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Specific carotenoid intake is inversely associated with the risk of breast cancer among Chinese women.
Br J Nutr 2014; 111(9):1686-95BJ

Abstract

The protective effect of dietary carotenoid intake on the risk of breast cancer is inconclusive. Moreover, data on dietary carotenoids in relation to breast cancer in non-Western populations are scarce. The aim of the present study was to examine the association between dietary carotenoid intake and the risk of breast cancer among Chinese women. A total of 561 cases and 561 controls who were frequency matched by age (5-year interval) and residence were recruited in the present case-control study. Dietary intake information was collected by a face-to-face interview using a validated FFQ. The OR and 95 % CI were assessed by multivariate logistic regression after adjusting for various potential confounders. An inverse association was observed between the consumption of α-carotene, β-carotene, β-cryptoxanthin and lutein/zeaxanthin and the risk of breast cancer. The multivariate-adjusted OR for the highest quartile of intake compared with the lowest quartile of intake were 0·61 (95 % CI 0·43, 0·88) for α-carotene, 0·54 (95 % CI 0·38, 0·78) for β-carotene, 0·38 (95 % CI 0·26, 0·52) for β-cryptoxanthin and 0·49 (95 % CI 0·34, 0·71) for lutein/zeaxanthin. Lycopene intake was not found to be associated with the risk of breast cancer, with the adjusted OR of 0·89 (95 % CI 0·61, 1·30). These inverse associations were more evident among pre-menopausal women and women who were exposed to second-hand smoke. The protective effect of specific carotenoid intake was observed for all subtypes of hormone receptor status of breast cancer. The present study indicated that a greater intake of specific carotenoids was associated with a decreased risk of breast cancer among Chinese women residing in Guangdong.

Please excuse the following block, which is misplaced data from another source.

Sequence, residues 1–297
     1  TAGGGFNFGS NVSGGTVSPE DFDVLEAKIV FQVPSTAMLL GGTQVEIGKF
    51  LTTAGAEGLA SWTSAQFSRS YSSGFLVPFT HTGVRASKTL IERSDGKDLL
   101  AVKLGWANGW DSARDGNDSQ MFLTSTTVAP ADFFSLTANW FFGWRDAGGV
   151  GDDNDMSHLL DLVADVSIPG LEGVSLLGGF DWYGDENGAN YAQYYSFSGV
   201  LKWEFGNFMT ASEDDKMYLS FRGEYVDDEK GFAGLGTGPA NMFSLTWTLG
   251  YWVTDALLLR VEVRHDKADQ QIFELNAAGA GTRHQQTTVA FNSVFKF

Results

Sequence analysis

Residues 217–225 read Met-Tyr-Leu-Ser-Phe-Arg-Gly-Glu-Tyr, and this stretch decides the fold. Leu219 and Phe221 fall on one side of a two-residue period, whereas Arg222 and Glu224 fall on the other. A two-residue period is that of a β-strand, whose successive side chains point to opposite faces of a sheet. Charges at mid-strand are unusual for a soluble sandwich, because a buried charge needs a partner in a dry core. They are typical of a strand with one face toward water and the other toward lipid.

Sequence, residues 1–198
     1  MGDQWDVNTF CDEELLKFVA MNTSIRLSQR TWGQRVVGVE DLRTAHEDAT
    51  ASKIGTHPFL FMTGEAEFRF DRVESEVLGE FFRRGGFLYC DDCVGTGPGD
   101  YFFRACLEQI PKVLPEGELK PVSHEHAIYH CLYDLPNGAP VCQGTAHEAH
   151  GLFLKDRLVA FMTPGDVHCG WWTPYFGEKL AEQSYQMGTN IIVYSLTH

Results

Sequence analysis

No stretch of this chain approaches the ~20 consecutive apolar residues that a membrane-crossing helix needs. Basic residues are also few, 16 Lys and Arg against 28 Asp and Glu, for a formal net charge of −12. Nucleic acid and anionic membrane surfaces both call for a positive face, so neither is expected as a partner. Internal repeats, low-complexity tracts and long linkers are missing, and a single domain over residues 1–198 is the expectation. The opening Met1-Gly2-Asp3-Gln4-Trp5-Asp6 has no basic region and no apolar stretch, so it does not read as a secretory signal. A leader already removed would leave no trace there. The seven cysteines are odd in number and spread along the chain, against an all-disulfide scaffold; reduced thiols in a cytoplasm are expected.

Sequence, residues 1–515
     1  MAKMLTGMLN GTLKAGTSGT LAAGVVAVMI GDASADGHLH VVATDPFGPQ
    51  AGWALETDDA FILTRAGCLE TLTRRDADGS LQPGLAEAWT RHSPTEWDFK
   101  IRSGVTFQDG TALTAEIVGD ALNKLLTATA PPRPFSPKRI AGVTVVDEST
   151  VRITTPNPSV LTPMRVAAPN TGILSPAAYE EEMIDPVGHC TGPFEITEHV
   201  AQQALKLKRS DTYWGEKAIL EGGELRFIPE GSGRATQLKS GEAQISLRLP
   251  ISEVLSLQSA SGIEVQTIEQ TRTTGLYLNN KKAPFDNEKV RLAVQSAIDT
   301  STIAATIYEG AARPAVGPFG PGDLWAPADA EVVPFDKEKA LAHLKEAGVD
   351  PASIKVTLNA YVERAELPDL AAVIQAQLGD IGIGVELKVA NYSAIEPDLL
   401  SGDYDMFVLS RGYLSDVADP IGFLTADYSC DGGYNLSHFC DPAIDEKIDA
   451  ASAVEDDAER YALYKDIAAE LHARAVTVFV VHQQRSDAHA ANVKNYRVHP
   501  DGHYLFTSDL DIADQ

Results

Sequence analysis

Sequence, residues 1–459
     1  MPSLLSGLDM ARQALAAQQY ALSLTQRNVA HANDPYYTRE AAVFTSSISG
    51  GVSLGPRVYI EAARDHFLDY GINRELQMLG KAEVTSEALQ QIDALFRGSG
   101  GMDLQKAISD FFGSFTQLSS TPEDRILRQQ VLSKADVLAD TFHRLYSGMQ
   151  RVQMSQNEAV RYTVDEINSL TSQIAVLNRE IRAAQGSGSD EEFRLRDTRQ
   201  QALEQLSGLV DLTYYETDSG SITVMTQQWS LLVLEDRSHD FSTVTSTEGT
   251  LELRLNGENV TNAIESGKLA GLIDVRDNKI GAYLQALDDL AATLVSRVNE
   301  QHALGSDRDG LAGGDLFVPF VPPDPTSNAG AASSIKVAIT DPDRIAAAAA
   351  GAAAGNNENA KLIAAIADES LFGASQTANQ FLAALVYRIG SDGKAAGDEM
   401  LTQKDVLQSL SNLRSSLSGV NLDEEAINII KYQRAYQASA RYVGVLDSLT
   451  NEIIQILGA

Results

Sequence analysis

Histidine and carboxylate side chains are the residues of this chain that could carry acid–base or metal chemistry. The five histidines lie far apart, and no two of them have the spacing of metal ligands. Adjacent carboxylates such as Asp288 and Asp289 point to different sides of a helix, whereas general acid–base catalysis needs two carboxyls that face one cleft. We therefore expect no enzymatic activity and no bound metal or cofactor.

Authors+Show Affiliations